Commentator April Newlin reflects on being both the predator, and the prey, in the waters off the coast of Louisiana.
CURWOOD: Commentator April Newlin has been pulling on the food chain in the waters off the coast of her home state, Louisiana, and she has these thoughts.
NEWLIN: Yesterday, I found a large plump red snapper washed up on the beach, with a clean scallop bite out of its underside, the predator's teeth left like a fingerprint. The gulf sparkled in contraction, as sedate as a mountain lake. The mouth to fit that bite was swimming out there in the calm of a fall morning, circling in for its next meal. Breakfast took precedence over beauty.
The post-hurricane coast teamed with food. The storm had made the sea hungry, chummed the water with silver sides and reamed out the seaweed. Everywhere I looked fish zipped through silent tunnels of light in the shallows of a low tide. A school of foot-long fillets, Cobia, perhaps, cruised up and down the shore, circling and cutting back a troop of mouths acting as one. A shark followed them for a while, it's black fins splicing the water not more than five feet from me. The ugly truth of the matter was consume or be consumed.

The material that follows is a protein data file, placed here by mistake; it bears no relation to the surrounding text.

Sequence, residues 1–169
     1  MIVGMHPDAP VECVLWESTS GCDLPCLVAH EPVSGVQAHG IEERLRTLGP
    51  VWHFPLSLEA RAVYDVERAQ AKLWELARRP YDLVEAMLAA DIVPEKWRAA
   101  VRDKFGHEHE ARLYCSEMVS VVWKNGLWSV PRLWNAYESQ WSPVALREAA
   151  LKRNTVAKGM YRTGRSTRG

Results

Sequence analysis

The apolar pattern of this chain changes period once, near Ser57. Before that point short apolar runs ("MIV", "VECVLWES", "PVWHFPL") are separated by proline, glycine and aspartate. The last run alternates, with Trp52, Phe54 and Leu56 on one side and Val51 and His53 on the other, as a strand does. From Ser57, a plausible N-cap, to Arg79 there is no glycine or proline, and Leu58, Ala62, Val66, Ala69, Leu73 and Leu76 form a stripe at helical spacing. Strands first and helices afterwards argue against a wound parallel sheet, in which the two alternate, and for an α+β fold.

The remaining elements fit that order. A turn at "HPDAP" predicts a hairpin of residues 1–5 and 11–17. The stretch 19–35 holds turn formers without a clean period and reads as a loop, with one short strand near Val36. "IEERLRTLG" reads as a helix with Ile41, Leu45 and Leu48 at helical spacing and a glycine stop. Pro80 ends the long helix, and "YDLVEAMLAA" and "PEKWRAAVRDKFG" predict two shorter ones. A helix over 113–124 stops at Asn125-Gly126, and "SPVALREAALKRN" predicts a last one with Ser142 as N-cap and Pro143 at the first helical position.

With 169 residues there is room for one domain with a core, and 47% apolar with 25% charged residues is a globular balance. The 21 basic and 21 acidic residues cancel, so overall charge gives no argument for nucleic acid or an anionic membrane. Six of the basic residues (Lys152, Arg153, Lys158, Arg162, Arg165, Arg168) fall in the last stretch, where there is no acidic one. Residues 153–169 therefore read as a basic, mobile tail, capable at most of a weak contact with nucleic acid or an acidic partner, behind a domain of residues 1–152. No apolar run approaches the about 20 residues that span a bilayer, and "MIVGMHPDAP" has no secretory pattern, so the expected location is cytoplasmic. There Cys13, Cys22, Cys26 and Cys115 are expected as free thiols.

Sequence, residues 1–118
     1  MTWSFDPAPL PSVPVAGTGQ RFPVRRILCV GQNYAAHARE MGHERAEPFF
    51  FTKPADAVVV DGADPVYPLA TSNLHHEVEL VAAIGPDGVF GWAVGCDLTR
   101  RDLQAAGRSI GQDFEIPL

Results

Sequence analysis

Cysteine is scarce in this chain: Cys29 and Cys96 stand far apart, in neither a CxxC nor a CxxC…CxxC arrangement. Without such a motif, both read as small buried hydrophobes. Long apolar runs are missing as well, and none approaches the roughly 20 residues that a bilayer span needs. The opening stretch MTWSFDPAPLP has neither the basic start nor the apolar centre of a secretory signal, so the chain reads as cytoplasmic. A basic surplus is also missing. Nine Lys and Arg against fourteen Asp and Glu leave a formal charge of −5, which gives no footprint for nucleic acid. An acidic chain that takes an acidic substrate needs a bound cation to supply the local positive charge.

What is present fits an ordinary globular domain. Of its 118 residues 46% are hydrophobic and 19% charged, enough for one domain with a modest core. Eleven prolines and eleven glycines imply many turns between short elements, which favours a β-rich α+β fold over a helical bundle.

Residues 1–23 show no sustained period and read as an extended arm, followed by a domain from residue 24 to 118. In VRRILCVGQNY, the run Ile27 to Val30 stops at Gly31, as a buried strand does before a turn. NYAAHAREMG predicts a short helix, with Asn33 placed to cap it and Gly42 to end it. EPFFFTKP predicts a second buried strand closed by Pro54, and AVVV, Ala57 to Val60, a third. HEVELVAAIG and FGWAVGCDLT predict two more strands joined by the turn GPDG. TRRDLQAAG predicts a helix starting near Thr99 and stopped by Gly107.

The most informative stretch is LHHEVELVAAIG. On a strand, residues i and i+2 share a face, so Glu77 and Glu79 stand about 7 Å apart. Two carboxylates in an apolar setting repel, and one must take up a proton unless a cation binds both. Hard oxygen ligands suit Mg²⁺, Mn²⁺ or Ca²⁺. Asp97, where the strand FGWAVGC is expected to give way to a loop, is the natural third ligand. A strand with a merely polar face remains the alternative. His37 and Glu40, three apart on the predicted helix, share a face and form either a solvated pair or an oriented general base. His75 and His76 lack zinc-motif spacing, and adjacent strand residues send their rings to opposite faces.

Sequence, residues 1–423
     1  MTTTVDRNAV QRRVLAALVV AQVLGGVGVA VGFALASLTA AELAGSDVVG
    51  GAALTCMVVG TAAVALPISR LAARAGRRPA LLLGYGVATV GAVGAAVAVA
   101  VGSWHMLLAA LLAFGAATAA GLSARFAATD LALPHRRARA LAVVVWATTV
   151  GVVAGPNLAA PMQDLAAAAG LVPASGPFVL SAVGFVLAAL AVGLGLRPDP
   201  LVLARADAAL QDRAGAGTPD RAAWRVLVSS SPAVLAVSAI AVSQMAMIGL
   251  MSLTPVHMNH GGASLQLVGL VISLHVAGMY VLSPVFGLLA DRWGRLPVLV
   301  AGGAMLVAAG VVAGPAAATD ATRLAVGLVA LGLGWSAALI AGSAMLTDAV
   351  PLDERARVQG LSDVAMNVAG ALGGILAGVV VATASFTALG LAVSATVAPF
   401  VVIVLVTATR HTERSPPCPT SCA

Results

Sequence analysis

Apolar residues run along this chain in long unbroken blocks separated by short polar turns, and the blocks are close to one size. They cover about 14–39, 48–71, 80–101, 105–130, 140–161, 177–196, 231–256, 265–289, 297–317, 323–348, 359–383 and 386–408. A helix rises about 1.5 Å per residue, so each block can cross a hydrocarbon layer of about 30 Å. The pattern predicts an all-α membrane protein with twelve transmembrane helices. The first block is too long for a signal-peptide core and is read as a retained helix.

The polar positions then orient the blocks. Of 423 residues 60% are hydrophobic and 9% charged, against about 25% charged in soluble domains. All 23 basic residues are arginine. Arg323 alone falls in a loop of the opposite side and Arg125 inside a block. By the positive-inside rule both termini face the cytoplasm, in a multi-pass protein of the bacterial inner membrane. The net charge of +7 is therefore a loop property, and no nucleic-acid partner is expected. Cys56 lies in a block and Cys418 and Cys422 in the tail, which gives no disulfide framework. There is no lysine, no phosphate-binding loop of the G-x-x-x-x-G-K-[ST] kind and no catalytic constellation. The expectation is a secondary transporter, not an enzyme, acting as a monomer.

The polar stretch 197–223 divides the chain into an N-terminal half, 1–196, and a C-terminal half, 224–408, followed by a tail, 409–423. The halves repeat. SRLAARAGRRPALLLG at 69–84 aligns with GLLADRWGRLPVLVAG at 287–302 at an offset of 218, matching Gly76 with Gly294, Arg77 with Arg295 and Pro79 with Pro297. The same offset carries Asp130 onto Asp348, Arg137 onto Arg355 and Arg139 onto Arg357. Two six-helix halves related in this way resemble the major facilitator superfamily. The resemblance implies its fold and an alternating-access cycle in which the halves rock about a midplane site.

I backed up near the shore counting crabs. Five, six, ten, fifteen, twenty. I hadn't seen blue crabs in these numbers for years, and they were fat, good eating crabs like we used to catch off the pier in Waveland when I was eight years old. They watched me with twitching eyes. And I figured they were scared.
A predator my size was nothing to scoff at. But no sooner was I dreaming of crab bisque that I realized they were inching closer with claws at the ready. I was part of the grand buffet. Once in a pet store I heard a six-year old boy counter his mother's horror at watching a python strangling consume a rabbit. "But, Mom, it's such a beautiful eater." She had forgotten what he had not yet unlearned: horror and beauty could co-exist. To live, we must take.
I'd forgotten devouring is part of the game. The better the mouth, the more successful the life. I could see the shark, not as a cannibalistic predator, but as an art form, a practiced adaptation honed over eons to consumer better than its prey and quicker than its competitors. And we're no different. If I had my net, I would have been chasing crabs and scooping minnows. We're all eaters, chewing, tasting, gobbling and gorging. Nothing to be ashamed of, as hungry, horrible and beautiful as the rest of them.
CURWOOD: April Newlin is a writer who lives in New Orleans.
CURWOOD: You're listening to NPR's Living on Earth.
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